Gain Definitions for the YFactor Method of NF Measurements: Available Gain or Insertion Gain?
The Yfactor method is a widely used technique for measuring the gain and noise figure (NF) of RF components. This article will help you understand the differences between the insertion gain and the available gain, while avoiding potentially significant errors when measuring the noise figure.
In principle, the Yfactor method is a relatively straightforward method of measuring the gain and noise figure (NF) of an RF component. However, there are some intricacies that require careful attention in practice. Several nonideal effects, such as the uncertainty of the test equipment’s NF as well as the uncertainty related to the noise source itself, can lead to measurement uncertainty. Another subtlety is that the method actually measures and uses the DUT (device under test) insertion gain rather than its available gain.
Introducing the YFactor Method
The Yfactor method for noise figure measurement consists of two steps:
 The measurement step shown in Figure 1(a) that determines the noise temperature of the DUTReceiver system denoted by T_{cas}
 The calibration step of Figure 1(b) that determines the noise temperature of the receiver T_{Receiver}
Figure 1. Two steps of Yfactor method for noise figure measurement: (a) measurement and (b) calibration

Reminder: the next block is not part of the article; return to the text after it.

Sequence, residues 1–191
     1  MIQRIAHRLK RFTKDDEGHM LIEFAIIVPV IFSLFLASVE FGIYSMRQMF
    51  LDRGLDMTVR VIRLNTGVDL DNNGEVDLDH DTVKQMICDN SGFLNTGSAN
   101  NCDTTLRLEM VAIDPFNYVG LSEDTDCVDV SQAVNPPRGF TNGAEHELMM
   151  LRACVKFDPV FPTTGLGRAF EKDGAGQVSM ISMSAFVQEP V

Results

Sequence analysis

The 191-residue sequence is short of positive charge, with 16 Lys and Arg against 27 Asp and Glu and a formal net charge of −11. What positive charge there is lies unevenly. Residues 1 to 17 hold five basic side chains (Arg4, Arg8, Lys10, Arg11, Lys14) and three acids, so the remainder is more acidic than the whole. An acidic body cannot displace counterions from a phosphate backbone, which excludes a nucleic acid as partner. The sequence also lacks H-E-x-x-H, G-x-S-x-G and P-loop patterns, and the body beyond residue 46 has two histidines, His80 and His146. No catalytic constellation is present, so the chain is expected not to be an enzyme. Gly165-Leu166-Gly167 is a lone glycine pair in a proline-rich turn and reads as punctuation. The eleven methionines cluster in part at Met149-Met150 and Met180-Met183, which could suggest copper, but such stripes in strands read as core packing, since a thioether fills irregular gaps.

After measuring T_{cas} and T_{Receiver}, we can apply Friis’s equation to find the noise temperature of the DUT:
\[T_{cas} = T_{DUT} + \frac{T_{Receiver}}{G_{DUT}}\]
Equation 1.
where T_{DUT} and G_{DUT} denote the DUT’s noise temperature and gain, respectively. The noise powers obtained from the measurement setup (N_{h} and N_{c} in Figure 1(a)) are amplified by the DUT gain; however, N_{h,cal} and N_{c,cal} don’t experience this gain (Figure 1(b)). Therefore, G_{DUT} can be estimated by the following equation:
\[G_{DUT} = \frac{N_h  N_c}{N_{h,cal}N_{c,cal}}\]
Equation 2.
Available Power Gain
The power gain used in the noise figure definition is the available power gain,G_{A}, which is defined in the illustration of Figure 2 below. The available power gain is the ratio of the power available from the twoport network P_{AVN} (Figure 2(a)) to the power available from the source P_{AVS} (Figure 2(b)).
Figure 2. Available power gain definition